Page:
In a notable ruling last month, a California district court ruled that the HTML underlying a custom search results page of an online advertising creation platform is copyrightable.

In Advertising FZ-LLC v. Netseer Inc., No. 14-3883, 2016 U.S. Dist. LEXIS 3784 (N.D. Cal. Jan. 12, 2016), the plaintiff, an online contextual-advertising service provider, brought copyright infringement claims against a competitor for allegedly copying the HTML from a custom-created search results page, for the purpose of creating its own custom online advertising offering.  Plaintiff argued that its copyright claim is supported by the guidance published in the revised edition of the Compendium of U.S. Copyright Office Practices (Third Edition) (Dec. 2014) (“Compendium”).

The Compendium states that while a website’s layout or look and feel is not copyrightable subject matter, its HTML may be copyrightable.  [Note: As discussed in a prior post, the look and feel of a webpage might, in certain circumstances, be protectable trade dress under the Lanham Act.]

The defendant countered that plaintiff’s HTML consists solely of uncopyrightable Cascading Style Sheets (CSS), which renders plaintiff’s copyright registrations invalid.

Generally speaking, HTML is the standard markup language used in the design of websites and establishes the format and layout of text, content and graphics when a user views a website by instructing his or her browser to present material in a specified manner.  Anyone who has clicked on their browser’s dropdown menu to reveal the elements of a web page has seen the array of instructions contained between the start tag <html> and closing tag </html>.  Web developers also use CSS, which, according to the court, are merely methods of formatting and laying out the organization of documents written in a markup language, such as HTML. There are different ways to build CSS into HTML, and although CSS is often used with HTML, CSS have their own specifications.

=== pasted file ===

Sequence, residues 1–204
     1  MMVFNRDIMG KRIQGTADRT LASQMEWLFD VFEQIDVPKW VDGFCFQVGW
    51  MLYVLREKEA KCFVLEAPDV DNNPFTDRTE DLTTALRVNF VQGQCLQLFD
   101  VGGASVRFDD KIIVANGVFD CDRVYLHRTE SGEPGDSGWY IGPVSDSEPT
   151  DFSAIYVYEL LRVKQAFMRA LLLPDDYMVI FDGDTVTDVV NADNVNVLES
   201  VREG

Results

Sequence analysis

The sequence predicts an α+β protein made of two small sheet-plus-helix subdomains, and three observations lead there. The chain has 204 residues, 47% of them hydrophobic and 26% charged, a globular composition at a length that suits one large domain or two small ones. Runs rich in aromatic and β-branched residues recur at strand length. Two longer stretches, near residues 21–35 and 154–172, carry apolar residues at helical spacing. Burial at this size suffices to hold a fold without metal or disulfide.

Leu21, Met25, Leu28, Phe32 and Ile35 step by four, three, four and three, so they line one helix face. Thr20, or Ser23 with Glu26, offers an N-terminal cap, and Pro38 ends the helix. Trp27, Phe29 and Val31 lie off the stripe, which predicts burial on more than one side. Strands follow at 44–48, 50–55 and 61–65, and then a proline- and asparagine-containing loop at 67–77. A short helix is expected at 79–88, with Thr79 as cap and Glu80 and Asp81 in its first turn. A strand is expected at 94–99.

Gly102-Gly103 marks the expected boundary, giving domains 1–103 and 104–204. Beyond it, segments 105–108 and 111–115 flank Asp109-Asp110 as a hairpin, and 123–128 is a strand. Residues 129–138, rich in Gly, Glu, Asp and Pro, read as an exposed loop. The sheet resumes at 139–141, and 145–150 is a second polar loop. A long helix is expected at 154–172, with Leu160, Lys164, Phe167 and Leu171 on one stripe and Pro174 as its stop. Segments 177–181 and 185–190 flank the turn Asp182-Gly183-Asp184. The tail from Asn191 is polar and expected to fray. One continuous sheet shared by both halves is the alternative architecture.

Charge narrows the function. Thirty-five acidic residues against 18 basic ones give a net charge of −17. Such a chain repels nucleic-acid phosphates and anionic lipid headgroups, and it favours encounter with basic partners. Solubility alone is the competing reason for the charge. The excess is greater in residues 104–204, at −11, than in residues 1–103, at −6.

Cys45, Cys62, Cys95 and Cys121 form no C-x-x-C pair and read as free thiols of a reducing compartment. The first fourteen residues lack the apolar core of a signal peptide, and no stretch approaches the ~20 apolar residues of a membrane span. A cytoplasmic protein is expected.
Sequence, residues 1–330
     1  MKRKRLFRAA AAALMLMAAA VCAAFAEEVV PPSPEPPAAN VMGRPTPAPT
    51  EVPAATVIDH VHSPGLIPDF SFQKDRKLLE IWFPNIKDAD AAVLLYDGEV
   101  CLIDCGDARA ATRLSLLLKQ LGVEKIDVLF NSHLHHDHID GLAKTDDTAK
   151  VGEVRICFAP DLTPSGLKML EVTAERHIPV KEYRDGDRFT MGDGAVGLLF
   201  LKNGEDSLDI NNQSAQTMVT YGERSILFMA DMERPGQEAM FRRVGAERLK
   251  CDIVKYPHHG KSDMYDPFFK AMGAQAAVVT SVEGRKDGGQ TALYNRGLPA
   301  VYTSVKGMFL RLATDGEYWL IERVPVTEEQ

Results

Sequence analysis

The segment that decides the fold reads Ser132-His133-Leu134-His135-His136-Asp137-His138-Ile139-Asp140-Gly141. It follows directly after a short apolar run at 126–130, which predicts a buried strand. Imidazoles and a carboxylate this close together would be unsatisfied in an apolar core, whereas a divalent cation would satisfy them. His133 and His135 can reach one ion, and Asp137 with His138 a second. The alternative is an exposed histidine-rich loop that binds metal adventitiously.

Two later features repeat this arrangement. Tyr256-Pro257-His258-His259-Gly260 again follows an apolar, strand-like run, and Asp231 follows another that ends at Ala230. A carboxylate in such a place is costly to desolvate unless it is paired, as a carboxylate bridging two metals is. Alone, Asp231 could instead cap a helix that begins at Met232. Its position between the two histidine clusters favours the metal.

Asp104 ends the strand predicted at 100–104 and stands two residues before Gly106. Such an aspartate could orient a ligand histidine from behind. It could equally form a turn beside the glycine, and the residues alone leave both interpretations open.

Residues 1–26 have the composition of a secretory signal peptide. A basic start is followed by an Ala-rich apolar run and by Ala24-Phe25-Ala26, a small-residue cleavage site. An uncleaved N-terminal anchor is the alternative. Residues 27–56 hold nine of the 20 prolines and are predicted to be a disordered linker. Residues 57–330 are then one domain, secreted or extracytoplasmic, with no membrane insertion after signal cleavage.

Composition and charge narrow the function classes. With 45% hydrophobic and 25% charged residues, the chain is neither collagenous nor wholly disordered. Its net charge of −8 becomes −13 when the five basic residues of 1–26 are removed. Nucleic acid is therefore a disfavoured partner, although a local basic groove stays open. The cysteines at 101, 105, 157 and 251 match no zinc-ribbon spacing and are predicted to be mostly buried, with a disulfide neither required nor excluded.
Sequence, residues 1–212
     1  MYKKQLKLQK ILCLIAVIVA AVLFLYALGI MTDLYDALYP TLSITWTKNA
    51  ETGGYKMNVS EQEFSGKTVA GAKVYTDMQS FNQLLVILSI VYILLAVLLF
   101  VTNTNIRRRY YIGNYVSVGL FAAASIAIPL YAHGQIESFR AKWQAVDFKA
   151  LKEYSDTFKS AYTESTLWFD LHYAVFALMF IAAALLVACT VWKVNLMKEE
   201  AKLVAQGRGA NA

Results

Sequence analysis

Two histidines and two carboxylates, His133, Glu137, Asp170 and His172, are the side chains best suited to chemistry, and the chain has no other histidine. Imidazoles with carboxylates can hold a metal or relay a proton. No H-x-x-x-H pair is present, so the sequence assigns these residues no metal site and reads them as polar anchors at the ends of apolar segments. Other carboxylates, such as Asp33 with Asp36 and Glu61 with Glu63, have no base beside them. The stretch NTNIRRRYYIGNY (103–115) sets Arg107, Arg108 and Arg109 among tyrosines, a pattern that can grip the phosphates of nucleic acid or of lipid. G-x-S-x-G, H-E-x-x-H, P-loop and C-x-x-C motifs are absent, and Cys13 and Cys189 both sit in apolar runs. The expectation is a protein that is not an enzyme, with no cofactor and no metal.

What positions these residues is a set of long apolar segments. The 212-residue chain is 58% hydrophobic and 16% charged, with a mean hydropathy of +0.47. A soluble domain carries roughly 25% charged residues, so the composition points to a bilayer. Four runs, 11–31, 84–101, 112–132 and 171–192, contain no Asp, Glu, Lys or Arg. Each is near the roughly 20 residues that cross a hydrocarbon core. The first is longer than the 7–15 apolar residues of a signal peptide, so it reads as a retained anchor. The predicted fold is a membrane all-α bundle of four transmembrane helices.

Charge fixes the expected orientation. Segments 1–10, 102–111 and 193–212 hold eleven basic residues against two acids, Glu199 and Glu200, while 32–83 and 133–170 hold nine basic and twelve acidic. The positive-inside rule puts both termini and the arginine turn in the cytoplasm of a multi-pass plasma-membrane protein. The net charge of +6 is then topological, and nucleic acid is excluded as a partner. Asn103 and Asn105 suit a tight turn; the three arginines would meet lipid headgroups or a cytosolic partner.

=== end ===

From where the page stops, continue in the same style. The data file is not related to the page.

The Copyright Office has stated that because procedures, processes, and methods of operation are not copyrightable, the Office generally will refuse to register claims based solely on CSS. See Compendium, §1007.4.   However, the Copyright Office will register HTML as a literary work (but not as a computer program because HTML is not source code), as long as the HTML was created by a human being and contains a sufficient amount of creative expression. See Compendium § 1006.1(A).  As the court explained, the fact that HTML code produces a web page (the look and feel of which is not subject to copyright protection) does not preclude its registration because “there are multiple ways of writing the HTML code to produce the same ultimate appearance of the webpage.”  The court held that portions of plaintiff’s HTML code minimally met the requisite level of creativity to be copyrightable.

Ultimately, however, the court granted the defendant’s motion to dismiss the copyright claims on procedural grounds based upon the plaintiff’s failure to properly assert, beyond conclusory allegations in its complaint, how the defendant accessed plaintiff’s HTML code.  The court also found that the plaintiff’s complaint also failed to list every portion of the HTML code that the defendant allegedly infringed.

As noted above, a website’s HTML is readily viewable through standard browsers. Thus, it is not uncommon for a developer to “take a peek” at the HTML of other sites.  This case suggests that even though a website’s look and feel may not be copyrightable, in some cases the underlying HTML may be. Thus, web developers should be careful as they are building sites to avoid copying copyrightable subject matter.

As the court granted plaintiff leave to amend its claim, we will continue to watch this case as it presents important copyright issues for e-commerce providers.